Cops, Waiters, Bankers Are Among U.S. Jobs With High Quit Rates
(Bloomberg) -- Police officers, restaurant staff and bankers are among professions with the highest turnover rates in a study of U.S. job volatility.
That’s in part because U.S. employees are now more interested in exploring other opportunities or unsolicited recruiting messages than ever before, according to the report from Workforce Logiq, a provider of recruiting and workforce-managing tools.
|Volatile categories in the second quarter|
|Public safety||Two-thirds of police chiefs were looking to work in areas with more growth opportunities.|
|Dining and hospitality||Constant battles with unmasked customers and exposure to Covid-19 created added stress for workers in bars, restaurants and hotels.|
|Banking and finance||High-paid, overworked bankers are quitting because “the lifestyle trade-off just wasn’t worth it.”|
|Source: Workforce Logiq|
Workforce Logiq found that bankers are most likely to cite mental-health issues as a main reason to leave their job and many aren’t receptive to being called back to the office.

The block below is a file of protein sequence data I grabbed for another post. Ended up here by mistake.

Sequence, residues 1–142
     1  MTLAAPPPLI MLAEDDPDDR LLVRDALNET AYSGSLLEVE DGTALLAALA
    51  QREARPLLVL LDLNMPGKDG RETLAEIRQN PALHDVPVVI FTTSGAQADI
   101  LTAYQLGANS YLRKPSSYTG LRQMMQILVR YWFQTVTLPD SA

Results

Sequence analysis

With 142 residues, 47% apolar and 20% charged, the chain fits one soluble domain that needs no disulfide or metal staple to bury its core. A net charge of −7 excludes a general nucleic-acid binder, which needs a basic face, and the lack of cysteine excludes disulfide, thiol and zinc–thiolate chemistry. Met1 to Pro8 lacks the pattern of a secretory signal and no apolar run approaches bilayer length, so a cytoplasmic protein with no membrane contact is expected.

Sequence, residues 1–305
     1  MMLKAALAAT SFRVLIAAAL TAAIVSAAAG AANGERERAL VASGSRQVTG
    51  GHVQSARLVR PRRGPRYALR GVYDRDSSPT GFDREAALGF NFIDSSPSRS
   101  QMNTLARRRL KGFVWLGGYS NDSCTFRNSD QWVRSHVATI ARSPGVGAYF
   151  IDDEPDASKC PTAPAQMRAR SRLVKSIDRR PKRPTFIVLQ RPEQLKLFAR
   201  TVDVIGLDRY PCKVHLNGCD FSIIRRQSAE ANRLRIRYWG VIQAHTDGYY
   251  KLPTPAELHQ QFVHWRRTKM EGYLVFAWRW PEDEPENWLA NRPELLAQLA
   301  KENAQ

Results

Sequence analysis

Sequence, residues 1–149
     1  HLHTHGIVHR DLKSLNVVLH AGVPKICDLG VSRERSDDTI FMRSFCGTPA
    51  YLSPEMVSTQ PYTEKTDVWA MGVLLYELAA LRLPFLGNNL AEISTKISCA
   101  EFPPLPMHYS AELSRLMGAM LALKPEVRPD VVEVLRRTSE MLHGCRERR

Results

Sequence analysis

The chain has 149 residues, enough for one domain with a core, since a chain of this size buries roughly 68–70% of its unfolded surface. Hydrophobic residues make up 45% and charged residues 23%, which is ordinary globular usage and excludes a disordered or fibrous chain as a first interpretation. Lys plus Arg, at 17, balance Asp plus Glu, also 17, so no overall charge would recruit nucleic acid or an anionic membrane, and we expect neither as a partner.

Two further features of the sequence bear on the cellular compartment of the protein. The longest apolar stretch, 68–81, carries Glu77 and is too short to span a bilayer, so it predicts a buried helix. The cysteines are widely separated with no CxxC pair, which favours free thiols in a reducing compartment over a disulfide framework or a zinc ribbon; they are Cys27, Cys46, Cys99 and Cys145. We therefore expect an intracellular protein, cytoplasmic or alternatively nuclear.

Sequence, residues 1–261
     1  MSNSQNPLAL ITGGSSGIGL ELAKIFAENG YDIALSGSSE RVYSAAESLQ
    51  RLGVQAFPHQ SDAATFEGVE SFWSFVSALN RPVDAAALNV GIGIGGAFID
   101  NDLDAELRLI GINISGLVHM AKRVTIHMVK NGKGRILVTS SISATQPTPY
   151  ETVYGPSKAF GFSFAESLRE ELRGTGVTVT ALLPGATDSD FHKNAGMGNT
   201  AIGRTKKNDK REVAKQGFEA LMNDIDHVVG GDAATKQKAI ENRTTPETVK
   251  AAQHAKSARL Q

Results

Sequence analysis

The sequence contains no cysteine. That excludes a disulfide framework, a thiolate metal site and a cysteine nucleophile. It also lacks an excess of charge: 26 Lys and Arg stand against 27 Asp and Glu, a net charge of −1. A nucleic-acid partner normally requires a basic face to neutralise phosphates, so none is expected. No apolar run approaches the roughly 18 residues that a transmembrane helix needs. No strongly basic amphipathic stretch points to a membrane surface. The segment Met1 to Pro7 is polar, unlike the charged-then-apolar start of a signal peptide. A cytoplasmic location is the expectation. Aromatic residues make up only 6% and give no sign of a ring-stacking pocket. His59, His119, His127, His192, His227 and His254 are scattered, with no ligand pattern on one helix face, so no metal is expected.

Other categories with high churn rates are software engineers and information technology professionals, two professions that are in high demand.
“All professional and knowledge workers are at much higher risk than a year ago,” said Christy Petrosso, Workforce Logiq’s chief data scientist.
The reasons behind the increase in quits rates are multiple. The rise in remote work during the pandemic made many white-collar employees apprehensive or reluctant to return to the office, leading some to seek a position that offers the flexibility to work from home. Many people have also reassessed their work-life balance and either retired or are more open to taking jobs that are less stressful.
Attrition may get worse, according to a recent McKinsey survey, which found that 36% of respondents who had quit in the previous six months did so without having a new job lined up.
Businesses in the leisure and hospitality industry are the most at risk for losing workers, but many health-care and white-collar employees say they also plan to leave their jobs, according to the survey, which covered five countries including the U.S., Canada and the U.K.
In addition, according to the Workforce Logiq report, a July Executive Order that limits the use of non-compete clauses will give some U.S. employees the freedom to pursue other jobs.
©2021 Bloomberg L.P.